* Drive 'passenger-friendly'. Practice slow take-aways. Careful braking and smooth cornering are key elements to towing a trailer in a responsible manner. Always 'think ahead'.
* Plan ahead. Chart a route and time of day when traffic is minimal and the weather is conducive to horse comfort.
* Offer hay and water, but no grain. Water horses prior to departure and every four hours
for longer trips to help combat the threat of dehydration. Hay serves as a pacifier and helps
retain water in the gut during transit. Refrain from feeding grain, as stress affects gut function, causing grain to sit and ferment with the possible result of colic.

Trailer Safety Kit

Keep the following items in an emergency kit in the trailer or tow vehicle:

* Complete equine emergency kit
* Extra halters and lead shanks
* Sharp knife
* Wire cutters
* 100 ft of 1/2" rope
* small tool kit or 'leatherman' tool,
including wire cutter, knife, tweezers, etc.
* jumper cables
* two flashlights with extra batteries
* roll duct tape
* flares
* cell phone
* phone number directory with numbers for
your veterinarian and border crossing veterinarian
* trailer jack
* spare tire (complete with air)
* spare wheel bearing
* cash

Trailering horses can be a stressful endeavour for both horses and drivers, but practicing
a few preventative measures can make the trip safer and more enjoyable."

"Colette Sossaman, former manager of
Proud Meadows Farm in Texas, offers
these great tips!

Colette says:
1.) I feed DMG for at least one week prior to lift off, just a white powder that keeps the muscles loose. It's used for horses prone to tying up.

2.) I have my vet oil and electrolyte everyone the night before or the morning of travel,just to keep it all moving--just like you would for a case of colic, but on the front end of it, to be

3.) Have your vet give injectable Banamine before loading, and carry Banamine paste also. The amount you give depends on your horse's weight so always get your vet's opinion.

4.) I have tubes of "Jugs" electrolyte paste to administer at the layover spots, to keep them drinking.

5.) I mash everyone at night to get even more fluids in.

If you can't get DMG, you can use Mega-Sel which is a Vitamin E and Selenium supplement.

Happy and safe trailering!

DEFRA (Department For Environment Food and Rural Affairs)

"Animal welfare: Horse Transport


We know that there is considerable public concern about allegations that British ponies are exported to the continent for human consumption. We have not found, or been given, any evidence that ponies are regularly exported in this way. On the other hand, we cannot dismiss the possibility that there may be occasional incidents. Our random checks and surveillance at ports would, we are sure, pick up any routine trade, but it is more difficult for our staff to direct their efforts so as to pick up isolated incidents. We will continue to work with local authority staff to ensure that animals leave pony sales in suitable vehicles and accompanied by the correct documentation. This action is supplemented by checks at ports, which are targeted on times when ponies might be exported, such as the period after the pony sales.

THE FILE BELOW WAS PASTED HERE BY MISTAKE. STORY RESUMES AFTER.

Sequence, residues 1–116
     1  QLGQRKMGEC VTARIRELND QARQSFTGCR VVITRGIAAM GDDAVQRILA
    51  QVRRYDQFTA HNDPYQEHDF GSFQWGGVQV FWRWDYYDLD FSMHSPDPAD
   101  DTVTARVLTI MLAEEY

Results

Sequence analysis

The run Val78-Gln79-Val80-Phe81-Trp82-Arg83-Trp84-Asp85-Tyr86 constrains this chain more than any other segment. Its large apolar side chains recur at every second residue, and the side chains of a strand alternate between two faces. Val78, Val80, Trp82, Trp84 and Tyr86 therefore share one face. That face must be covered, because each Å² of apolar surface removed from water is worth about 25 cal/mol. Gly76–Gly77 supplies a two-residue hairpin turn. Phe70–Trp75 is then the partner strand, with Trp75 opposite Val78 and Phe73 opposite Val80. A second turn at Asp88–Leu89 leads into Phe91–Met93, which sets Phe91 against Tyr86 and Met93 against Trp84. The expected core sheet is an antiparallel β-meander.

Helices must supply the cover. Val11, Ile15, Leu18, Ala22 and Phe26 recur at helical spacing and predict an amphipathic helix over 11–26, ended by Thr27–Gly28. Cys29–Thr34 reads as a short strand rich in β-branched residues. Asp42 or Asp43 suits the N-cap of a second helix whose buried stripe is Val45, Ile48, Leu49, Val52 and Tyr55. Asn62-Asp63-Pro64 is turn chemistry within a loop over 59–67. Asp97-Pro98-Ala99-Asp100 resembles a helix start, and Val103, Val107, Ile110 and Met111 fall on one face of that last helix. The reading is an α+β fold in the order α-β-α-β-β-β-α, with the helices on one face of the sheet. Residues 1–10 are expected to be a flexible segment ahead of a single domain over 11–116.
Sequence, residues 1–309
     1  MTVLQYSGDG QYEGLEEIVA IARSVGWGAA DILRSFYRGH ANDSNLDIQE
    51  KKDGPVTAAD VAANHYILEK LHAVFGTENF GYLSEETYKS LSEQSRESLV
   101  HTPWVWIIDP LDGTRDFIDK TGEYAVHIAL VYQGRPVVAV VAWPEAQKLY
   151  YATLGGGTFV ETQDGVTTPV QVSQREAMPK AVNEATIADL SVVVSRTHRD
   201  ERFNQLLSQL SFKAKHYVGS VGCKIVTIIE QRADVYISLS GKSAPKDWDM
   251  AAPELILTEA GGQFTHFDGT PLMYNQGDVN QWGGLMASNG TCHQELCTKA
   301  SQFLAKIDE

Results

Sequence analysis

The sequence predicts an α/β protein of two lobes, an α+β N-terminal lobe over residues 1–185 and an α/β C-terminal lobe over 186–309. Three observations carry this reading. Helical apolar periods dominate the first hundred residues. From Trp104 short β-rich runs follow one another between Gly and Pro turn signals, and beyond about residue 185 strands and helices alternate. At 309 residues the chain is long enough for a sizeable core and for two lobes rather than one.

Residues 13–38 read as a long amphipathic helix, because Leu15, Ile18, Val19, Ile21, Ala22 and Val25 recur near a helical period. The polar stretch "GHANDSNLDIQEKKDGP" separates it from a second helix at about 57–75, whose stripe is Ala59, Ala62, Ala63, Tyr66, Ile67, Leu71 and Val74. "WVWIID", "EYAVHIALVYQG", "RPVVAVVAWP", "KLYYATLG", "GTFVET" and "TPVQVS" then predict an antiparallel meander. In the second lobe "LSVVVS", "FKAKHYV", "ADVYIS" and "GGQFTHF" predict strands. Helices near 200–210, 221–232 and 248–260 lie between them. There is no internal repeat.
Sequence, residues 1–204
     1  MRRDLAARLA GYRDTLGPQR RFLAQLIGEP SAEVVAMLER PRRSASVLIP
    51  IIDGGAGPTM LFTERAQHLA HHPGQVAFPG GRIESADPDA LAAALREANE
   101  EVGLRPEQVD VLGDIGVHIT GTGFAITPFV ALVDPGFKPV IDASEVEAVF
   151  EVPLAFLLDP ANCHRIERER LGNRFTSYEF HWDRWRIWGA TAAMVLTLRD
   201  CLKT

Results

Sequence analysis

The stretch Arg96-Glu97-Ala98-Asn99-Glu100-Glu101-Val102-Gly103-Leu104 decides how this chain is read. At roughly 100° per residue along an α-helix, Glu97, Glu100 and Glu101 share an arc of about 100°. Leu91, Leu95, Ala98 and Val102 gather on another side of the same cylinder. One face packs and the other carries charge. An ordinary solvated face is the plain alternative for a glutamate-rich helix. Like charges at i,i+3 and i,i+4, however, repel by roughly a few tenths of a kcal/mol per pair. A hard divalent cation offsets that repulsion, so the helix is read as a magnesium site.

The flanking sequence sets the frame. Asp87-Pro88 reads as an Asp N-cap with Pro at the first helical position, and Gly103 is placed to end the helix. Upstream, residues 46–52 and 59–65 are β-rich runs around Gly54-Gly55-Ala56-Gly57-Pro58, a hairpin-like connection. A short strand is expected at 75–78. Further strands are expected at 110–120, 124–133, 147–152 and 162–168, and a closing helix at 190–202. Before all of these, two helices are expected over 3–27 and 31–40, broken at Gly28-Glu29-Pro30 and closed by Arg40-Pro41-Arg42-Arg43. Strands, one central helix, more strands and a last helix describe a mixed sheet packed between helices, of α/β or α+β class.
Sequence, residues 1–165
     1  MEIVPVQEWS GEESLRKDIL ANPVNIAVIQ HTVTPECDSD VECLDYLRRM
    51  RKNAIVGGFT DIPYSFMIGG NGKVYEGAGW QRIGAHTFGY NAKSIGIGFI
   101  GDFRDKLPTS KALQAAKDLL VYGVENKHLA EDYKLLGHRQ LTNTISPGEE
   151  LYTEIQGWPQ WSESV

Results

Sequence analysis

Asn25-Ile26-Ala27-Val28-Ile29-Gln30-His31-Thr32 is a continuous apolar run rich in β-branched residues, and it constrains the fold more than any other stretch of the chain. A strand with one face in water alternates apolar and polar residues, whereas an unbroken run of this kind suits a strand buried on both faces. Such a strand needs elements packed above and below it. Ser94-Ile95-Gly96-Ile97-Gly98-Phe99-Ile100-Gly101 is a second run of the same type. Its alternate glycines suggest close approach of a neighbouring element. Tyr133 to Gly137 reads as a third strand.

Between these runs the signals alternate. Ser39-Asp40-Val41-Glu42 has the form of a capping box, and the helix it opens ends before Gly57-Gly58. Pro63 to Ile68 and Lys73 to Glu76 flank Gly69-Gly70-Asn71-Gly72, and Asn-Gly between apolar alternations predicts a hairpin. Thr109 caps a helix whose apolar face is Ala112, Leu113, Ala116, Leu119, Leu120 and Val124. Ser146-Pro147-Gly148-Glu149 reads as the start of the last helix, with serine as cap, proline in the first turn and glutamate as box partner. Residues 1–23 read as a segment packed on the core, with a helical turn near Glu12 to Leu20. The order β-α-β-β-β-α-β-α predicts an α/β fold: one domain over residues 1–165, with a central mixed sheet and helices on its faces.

Export Licences

If you want to export a horse or pony from Great Britain information on horse and pony export licences can be obtained from:

Defra Animal Welfare Core Team
Transport & Markets Team
Area 8B, 9 Millbank
c/o 17 Smith Square

Tel: 020 7238 5914

Animal welfare: Transporting animals during hot weather

High temperatures and humidity, particularly sudden changes in conditions, can pose a major threat to animal welfare. The following basic advice is to help farmers, transporters, pet owners and others avoid problems.

There is an legal obligation on those looking after animals to avoid causing them unnecessary suffering, and to avoid subjecting them to conditions where this is likely to occur. It is an offence if the welfare of an animal is compromised as a result of a failure to take appropriate action in response to extremes of temperature.

Transporting animals

Those transporting animals, including agricultural animals, should take action to avoid problems in hot weather. Things to consider include (although this is not an exhaustive list):

  • Factoring potential weather conditions into the planning of any journey (for example not loading or moving animals during the hottest parts of the day)
  • Improved ventilation of the vehicle
  • Increased space allowances
  • Providing water and electrolytes more frequently

In addition, contingency plans should be in place for every journey, and are particularly important in hot conditions as delays, which might be relatively insignificant under normal conditions, can become critical very quickly.